Photography by Kent Andreasen

DJ Lag Steps Up

When asked to describe the sound of the Gqom subgenre, DJ Lag doesn’t hesitate- ‘it’s raw and hype.’ Since the beginning of this decade, it has become the defining electronic music to come from Durban and it’s surrounding townships, like Lag’s home Clermont. Gqom takes SA production to a new extreme of brooding intensity. It’s powerful enough to command attention when blaring 130 bpm at dangerous volumes on public transport. But it has enough nuance to reward intimate listening on cellphone headphones. Coming from an isiZulua word for drum, Gqom really does sound like a huge monolith being hurled onto a heaving dancefloor. Despite its popularity, it still remains an underground status with little overt media or radio support in South Africa.

But such potency has also given it an international cachet. DJ Lag himself has recently been featured on UK music websites eagerly awaiting the release of his self-titled debut EP. Coming out on the London  label Goon Club All Stars, it will be backed up with a tour of Asia and Europe. Ahead of the new release, he has dropped the spine tingling ‘16th Step ‘as a teaser. Like so much Gqom it makes you want to dance, while having an unmistakable menace. The beat sounds like something horrific scratching at your door on a stormy night. Underneath runs a synthesiser reminiscent of a murderous robot haunting you through the flooded streets of future Durban, after the city has been lost to rising sea levels. It builds and builds and then suddenly drops out completely. In a masterful stroke, Lag leaves in a block of absent sound. Just as you think it’s over, it suddenly drives in again, going off into an unexpected but welcome conclusion. The step on this song is that feeling when you are about to fall asleep, but are awaken with a jolt as you imagine losing your footing. A sure-fire way to feel awake.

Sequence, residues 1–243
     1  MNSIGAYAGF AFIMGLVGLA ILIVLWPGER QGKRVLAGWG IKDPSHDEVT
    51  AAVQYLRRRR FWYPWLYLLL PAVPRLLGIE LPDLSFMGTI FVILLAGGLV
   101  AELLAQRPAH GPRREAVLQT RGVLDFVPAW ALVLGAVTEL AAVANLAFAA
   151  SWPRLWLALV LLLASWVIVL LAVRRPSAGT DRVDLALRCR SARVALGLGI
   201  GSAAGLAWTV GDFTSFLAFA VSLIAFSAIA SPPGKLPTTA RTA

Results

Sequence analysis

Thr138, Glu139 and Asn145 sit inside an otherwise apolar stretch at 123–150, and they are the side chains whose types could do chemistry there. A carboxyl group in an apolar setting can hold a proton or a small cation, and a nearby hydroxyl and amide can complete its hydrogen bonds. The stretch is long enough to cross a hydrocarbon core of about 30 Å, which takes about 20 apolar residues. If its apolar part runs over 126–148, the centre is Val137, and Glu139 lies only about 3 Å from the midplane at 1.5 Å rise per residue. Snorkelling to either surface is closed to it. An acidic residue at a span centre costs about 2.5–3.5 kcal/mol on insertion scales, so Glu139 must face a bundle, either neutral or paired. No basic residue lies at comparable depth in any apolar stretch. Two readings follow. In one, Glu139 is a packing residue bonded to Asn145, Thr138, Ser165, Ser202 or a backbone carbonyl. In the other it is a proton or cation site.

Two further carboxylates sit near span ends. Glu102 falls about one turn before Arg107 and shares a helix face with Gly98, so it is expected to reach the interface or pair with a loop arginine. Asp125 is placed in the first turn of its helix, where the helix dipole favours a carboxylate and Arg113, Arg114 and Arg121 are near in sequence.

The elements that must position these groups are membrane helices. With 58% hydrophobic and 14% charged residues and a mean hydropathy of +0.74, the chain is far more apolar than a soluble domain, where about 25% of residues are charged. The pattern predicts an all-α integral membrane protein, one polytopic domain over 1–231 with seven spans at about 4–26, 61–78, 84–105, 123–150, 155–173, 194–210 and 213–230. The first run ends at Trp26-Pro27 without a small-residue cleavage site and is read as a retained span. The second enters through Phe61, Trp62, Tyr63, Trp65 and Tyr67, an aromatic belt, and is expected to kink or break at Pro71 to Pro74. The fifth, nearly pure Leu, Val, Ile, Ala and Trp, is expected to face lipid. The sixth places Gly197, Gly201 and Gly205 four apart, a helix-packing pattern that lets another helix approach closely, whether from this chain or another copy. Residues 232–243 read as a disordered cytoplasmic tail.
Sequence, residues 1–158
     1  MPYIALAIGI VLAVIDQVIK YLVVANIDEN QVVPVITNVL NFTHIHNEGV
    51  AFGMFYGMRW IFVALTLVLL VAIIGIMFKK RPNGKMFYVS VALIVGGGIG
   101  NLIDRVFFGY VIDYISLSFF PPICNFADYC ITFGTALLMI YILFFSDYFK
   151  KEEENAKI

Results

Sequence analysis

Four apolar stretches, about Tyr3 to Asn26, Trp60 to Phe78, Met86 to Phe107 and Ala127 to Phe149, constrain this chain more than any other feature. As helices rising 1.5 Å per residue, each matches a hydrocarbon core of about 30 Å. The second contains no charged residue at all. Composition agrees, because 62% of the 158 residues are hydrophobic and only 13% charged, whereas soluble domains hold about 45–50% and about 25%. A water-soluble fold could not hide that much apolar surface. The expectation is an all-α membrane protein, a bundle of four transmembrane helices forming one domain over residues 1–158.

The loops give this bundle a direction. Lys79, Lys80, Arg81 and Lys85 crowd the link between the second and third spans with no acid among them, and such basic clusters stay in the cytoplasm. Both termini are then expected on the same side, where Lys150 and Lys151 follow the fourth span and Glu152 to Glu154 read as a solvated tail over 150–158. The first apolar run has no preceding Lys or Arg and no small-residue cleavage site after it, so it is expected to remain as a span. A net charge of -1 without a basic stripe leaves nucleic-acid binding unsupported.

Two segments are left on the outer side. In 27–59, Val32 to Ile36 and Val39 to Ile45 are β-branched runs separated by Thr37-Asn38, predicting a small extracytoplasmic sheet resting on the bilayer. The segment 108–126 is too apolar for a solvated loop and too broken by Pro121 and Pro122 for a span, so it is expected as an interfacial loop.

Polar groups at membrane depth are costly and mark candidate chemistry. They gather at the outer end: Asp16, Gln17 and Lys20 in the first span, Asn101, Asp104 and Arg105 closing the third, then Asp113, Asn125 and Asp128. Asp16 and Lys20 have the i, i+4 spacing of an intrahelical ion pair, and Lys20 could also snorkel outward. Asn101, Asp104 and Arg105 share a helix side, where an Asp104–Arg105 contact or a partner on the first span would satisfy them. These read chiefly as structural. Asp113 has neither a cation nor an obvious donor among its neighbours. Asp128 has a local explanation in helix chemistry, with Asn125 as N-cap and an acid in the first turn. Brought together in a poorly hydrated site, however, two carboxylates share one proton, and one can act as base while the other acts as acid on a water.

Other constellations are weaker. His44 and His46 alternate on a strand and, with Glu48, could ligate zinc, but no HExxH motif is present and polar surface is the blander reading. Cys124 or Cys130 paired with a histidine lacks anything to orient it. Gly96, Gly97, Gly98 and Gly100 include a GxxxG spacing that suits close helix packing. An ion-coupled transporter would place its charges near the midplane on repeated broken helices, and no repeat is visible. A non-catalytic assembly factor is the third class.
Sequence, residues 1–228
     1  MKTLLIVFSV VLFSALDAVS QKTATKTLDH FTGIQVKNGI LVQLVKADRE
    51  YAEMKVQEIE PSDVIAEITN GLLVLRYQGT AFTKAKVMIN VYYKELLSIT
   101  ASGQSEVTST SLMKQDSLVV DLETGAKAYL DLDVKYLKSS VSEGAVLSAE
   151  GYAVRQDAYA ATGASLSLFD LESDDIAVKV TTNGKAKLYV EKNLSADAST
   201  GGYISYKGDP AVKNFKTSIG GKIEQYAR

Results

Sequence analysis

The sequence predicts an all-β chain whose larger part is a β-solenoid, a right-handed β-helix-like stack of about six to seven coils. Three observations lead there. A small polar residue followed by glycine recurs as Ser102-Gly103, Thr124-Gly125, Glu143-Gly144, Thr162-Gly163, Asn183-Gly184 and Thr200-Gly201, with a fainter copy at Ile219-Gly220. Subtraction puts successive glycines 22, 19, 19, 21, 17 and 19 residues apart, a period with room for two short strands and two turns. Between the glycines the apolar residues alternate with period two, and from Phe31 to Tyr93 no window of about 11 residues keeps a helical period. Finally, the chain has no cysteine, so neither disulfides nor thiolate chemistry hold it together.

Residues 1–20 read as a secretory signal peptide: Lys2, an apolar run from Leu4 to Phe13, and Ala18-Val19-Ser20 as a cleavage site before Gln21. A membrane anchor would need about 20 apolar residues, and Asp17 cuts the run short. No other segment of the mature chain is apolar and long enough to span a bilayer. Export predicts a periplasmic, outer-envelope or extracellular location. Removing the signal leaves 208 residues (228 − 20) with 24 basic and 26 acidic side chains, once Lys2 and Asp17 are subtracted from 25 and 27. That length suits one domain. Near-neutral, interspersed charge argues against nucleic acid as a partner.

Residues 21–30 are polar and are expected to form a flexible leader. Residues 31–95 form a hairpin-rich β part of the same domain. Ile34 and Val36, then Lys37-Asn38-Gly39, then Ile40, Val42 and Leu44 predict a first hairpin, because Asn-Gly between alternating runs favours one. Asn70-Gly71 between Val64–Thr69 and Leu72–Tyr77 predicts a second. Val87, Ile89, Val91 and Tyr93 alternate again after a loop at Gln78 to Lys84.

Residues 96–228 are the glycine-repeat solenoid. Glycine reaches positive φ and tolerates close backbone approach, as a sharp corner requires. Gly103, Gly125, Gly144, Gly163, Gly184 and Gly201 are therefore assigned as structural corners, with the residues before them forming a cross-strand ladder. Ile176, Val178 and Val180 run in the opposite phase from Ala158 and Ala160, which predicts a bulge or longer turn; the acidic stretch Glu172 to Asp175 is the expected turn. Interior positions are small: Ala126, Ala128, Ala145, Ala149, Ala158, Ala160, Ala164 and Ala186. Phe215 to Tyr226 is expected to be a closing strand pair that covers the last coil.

And he has been honing this craft since a young age. His first introduction to recording was at age 12 when he went with his rapper cousin to a recording studio. Seeing a  producer at work making beats immediately hooked him in. It was a few years before he could get his own PC, but as soon as he did he started exploring the possibilities offered by Fruity Loops. His own musical progression is like a Darwinian microcosm of the evolution of Gqom itself. Beginning with hip hop he, then slid into kwaito. He then took a detour into a percussive house style. But hearing Gqom pioneers Naked Boyz for the first time locked him onto the deep new style that was breaking out in KZN around the turn of the decade. Since then, he has built up an impressive back catalogue of production, which keep the drive of Gqom while adding in deeper shades of nuance and sophistication.

His EP comes at an interesting time for the style, as it is also sprouting new offshoots, such as the more pop orientated Gqom trap and it’s house cousin, Sghhubu.  In the early days of its coalescing into a distinct style, Gqom was characterized by a certain mystery. Young producers would put up songs fresh from being factory tested at intense backyard parties onto file sharing sites, without clear attribution or titles. This created issues of plagiarism, with rivals claiming credit for others tracks. As a result, artists at the styles forefront like Lag and Rudeboyz are taking control of their public image. It’s also a way to grow the genre by highlighting discographies, which the audience can watch evolve.  With his cinematic, emotional style DJ Lag is poised to become an internationally appreciated South African pioneer.


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